Manufacturing continues to improve as do expectations going forward.
In 1970, manufacturing was over 24% of our GDP, double what it is today. In 1970, China was the world’s fifth-largest manufacturer, but it took the top spot in 2010, replacing the United States. Japan is third at about 10%, followed by Germany at 7%, South Korea at 4%, and India at 3%.
China produces 20% of the world’s goods, and the U.S. produces about 18%.
But did you know that manufacturers in the United States still account for 11.4% of the total output in our economy, employing 8.5% of the total workforce? Further, did you know that there are approximately 250,000 manufacturing firms in the U.S. employing about 15 million employees, with an average annual compensation of close to $88,000. (Source: National Association of Manufacturers).
Richmond Fed Manufacturing Survey
The Federal Reserve Bank of Richmond surveys manufacturing firms in order to compile the Fifth District Manufacturing Activity report, which encompasses the District of Columbia, Maryland, North Carolina, South Carolina, Virginia, and most of West Virginia.
Manufacturing firms report on various aspects of their business, such as shipments, new orders, order backlogs, capacity utilization (usage of equipment), supplier lead times, number of employees, average work week, wages, inventories of finished goods, and capital expenditures.
On Tuesday, August 25th, the Richmond Fed reported that manufacturing activity in the Fifth District continued to strengthen in August as:
“The composite index rose from 10 in July to 18 in August, as all three components — shipments, new orders, and employment — increased. The index for local business conditions also rose, and many firms reported increased capital expenditures. Manufacturers were optimistic that conditions would continue to improve.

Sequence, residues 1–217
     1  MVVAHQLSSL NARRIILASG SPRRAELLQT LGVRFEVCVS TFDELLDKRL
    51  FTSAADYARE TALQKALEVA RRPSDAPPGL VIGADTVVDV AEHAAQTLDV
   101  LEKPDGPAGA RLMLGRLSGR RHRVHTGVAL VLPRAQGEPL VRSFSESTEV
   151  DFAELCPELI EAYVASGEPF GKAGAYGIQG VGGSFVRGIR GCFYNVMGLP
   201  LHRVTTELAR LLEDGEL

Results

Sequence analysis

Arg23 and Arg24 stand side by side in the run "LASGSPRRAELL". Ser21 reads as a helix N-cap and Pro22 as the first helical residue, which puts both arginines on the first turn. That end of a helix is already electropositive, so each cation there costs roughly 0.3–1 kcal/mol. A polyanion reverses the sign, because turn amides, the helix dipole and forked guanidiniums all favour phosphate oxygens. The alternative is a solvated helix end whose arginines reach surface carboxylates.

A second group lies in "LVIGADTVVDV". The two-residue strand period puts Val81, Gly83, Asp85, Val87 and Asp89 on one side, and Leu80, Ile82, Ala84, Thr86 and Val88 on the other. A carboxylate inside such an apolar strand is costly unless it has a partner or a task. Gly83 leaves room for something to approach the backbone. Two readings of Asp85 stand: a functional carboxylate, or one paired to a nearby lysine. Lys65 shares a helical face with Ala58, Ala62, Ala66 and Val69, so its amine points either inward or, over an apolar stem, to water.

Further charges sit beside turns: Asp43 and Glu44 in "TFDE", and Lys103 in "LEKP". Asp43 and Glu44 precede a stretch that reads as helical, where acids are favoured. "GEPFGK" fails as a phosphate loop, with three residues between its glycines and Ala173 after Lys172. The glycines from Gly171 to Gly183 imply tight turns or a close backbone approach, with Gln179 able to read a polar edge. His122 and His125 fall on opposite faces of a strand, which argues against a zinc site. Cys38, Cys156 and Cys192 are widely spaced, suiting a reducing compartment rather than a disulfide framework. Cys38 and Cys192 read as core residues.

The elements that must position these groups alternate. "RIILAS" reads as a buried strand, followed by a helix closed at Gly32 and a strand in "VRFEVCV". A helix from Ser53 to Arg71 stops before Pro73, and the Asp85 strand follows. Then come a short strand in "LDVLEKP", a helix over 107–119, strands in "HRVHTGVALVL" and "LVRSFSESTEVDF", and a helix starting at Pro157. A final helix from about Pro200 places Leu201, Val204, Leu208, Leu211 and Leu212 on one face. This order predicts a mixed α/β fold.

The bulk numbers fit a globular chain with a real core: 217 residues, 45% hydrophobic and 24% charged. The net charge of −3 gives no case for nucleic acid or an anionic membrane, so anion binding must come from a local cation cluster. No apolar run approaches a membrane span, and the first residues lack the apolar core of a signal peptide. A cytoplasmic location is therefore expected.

Survey results suggested many Fifth District manufacturers saw increases in employment, wages, and the average workweek in August. However, firms struggled to find workers with the necessary skills, as this index fell from 3 in July to −21 in August, its largest one- month drop on record. Survey respondents expected employment and wages to rise and continued difficulty finding skills in the coming months.”
Philadelphia Fed Manufacturing Survey
The Federal Reserve Bank of Philadelphia compiles the Philadelphia Manufacturing Business Outlook Survey which tracks manufacturing activity in the Philadelphia region and is similar to the Richmond Manufacturing Survey.
On August 20th, the Philadelphia Fed reported that manufacturing activity in the region continued to expand as:
“The survey’s current indicators for general activity, new orders, and shipments remained positive for the third consecutive month but fell from their readings in July. The employment index also fell from its reading in July but remained in positive territory for the second consecutive month. Most of the future indicators remained elevated, suggesting that the firms expect growth over the next six months.”
More Data Later in the Week
More economic data will be released later this week, including GDP and Jobless Claims on Thursday and Consumer Sentiment and Farm Prices on Friday.
Getting Personal with Podcasts
Originally used as a medium mimicking radio to share long-form journalism, podcasts now have a more personal use thanks to Artifact, a brand-new company producing podcasts for a limited listening audience.
And that’s okay with the founders of Artifact!
Anyone can buy a podcast to capture family history or celebrate a colleague. Their team of pro interviewers talk to folks close to the subject, then edit the clips into a slickly made episode.
A TechCrunch.com article: https://techcrunch.com/2020/08/03/yc-backed-artifact-looks-to-make-podcasts-more-personal/
The Portrait, which focuses on stories from friends and family about a single person, is an obvious use case. But Artifact is also used by couples for their wedding, with annual podcasts for each year of their marriage. Folks can use the service to reflect on huge milestones in their lives, or to catalog the growth of their child from the kid’s point of view. Businesses are even starting to use Artifact in this COVID-19 world to get to know their colleagues better during remote work.
A single episode costs $175, two episodes cost $325, and four episodes cost $625. Seems like a great gift to give a loved one or colleague during the Pandemic.
Read the complete article here